The Shepherd of the Hills

1941

Adventure / Drama / Romance / Western

7
Rotten Tomatoes Audience - Spilled 58%
IMDb Rating 7.1 10 1460

Synopsis


Uploaded By: FREEMAN
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September 17, 2017 at 02:09 AM

Director

Cast

John Wayne as Young Matt Matthews
Ward Bond as Wash Gibbs
Henry Brandon as Bald Knobber
Marjorie Main as Granny Becky
720p 1080p
687.12 MB
1280*720
English
NR
23.976 fps
1hr 38 min
P/S 2 / 8
1.46 GB
1920*1080
English
NR
23.976 fps
1hr 38 min
P/S 10 / 19

Movie Reviews

Reviewed by telegonus 8 / 10

The Gorgeous Technicolor Ozarks

The Henry Hathaway-directed 1941 Shepherd Of the Hills is worth seeing if for nothing else its color, which is as glorious and gorgeous as one will find in a film. Each outdoor shot is like a landscape painting. Along with Gone With the Wind and The Four Feathers, this is the finest use of color I have seen in a movie, and it should be used as a textbook on how to shoot a film in color. Otherwise, the picture is just a pleasing and old-fashioned revenge tale, adapted from a now forgotten novel, and set in the Ozark Mountains at about the turn of the twentieth century. It is nicely written in the idiom of the mountain folk, and features John Wayne in an early, rare non-western role, which he handles proficiently. Betty Field is his spunky love interest in what would now be an Amy Madigan part. Miss Field is lovely in a non-conventional way; she shines as never before or since. The combination of her quiet, almost mousy beauty in an otherwise talky, assertive role is fascinating to watch. Also on hand are Beulah Bondi, Ward Bond, Marc Lawrence, who gives an amazing performance, and Harry Carey, whose pleasantness and plainness I find tiring, though I suppose he's well-cast. There's a ritualistic feeling to the film, with its clearly defined notions of good and evil, the almost formally informal dialect the characters use, the leisurely, strolling pace by which the story unfolds, all contribute to its pastoral quality. The chief problem is that there's no suspense. One senses early on how the thing is going to end, and the characters behave as one would expect.

Reviewed by countryway_48864 9 / 10

A film of great beauty and great, understated acting!

A marvelous, if little known, early John Wayne film. There are so many wonderful moments in this film that I can only list a few: Harry Carey splendid as the mysterious man who comes to the Ozarks to purchase a piece of dirt land and settle down, and ends up purchasing Moanin' Meadow. A gorgeous, seamless, seemingly effortless piece of acting.

Betty Field, always in bare feet saying that she nearly stepped in a cloud and reveling in the mud between her bare toes.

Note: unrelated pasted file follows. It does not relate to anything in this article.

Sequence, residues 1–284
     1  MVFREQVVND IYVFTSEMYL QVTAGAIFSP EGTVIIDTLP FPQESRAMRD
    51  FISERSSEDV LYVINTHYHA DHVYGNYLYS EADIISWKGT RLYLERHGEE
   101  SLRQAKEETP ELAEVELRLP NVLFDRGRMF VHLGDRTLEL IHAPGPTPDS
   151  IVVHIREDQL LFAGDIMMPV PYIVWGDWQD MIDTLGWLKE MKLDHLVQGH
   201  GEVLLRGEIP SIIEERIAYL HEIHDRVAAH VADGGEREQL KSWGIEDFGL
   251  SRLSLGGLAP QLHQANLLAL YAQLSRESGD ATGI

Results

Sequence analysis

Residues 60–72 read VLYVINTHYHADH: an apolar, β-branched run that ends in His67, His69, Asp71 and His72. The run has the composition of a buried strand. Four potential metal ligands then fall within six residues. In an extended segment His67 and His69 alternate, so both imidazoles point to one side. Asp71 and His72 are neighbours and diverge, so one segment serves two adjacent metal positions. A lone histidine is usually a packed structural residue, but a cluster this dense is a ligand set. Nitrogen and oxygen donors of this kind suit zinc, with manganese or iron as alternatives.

Marc Lawrence trying to catch dust motes in a sunbeam coming through a dirty windowpane.

Beulah Bondi making a circle of candles and lamp oil!!

Marjorie Main seeing for the first time in her life.

And John Wayne moving from bewildered and embittered young man with a curse on him, to a man in love who can't express his feeling because of the curse, and finally coming to terms with his real, inner self for the first time in his life.

Anyone who thinks John Wayne could not act, should see The Shepherd of the Hills. He is not only beautiful to look at, but he brings charm, power and sympathy to a very difficult role.

Reviewed by telegonus 8 / 10

Fine character study

The Henry Hathaway-directed 1941 Shepherd Of the Hills is worth seeing if for nothing else its color, which is as glorious and gorgeous as one will find in a film. Each outdoor shot is like a landscape painting. Along with Gone With the Wind and The Four Feathers, this is the finest use of color I have seen in a movie, and it should be used as a textbook on how to shoot a film in color. Otherwise, the picture is just a pleasing and old-fashioned revenge tale, adapted from a now forgotten novel, and set in the Ozark Mountains at about the turn of the twentieth century. It is nicely written in the idiom of the mountain folk, and features John Wayne in an early, rare non-western role, which he handles proficiently. Betty Field is his spunky love interest in what would now be an Amy Madigan part. Miss Field is lovely in a non-conventional way; she shines as never before or since. The combination of her quiet, almost mousy beauty in an otherwise talky, assertive role is fascinating to watch. Also on hand are Beulah Bondi, Ward Bond, Marc Lawrence, who gives an amazing performance, and Harry Carey, whose pleasantness and plainness I find tiring, though I suppose he's well-cast. There's a ritualistic feeling to the film, with its clearly defined notions of good and evil, the almost formally informal dialect the characters use, the leisurely, strolling pace by which the story unfolds, all contribute to its pastoral quality. The chief problem is that there's no suspense. One senses early on how the thing is going to end, and the characters behave as one would expect.

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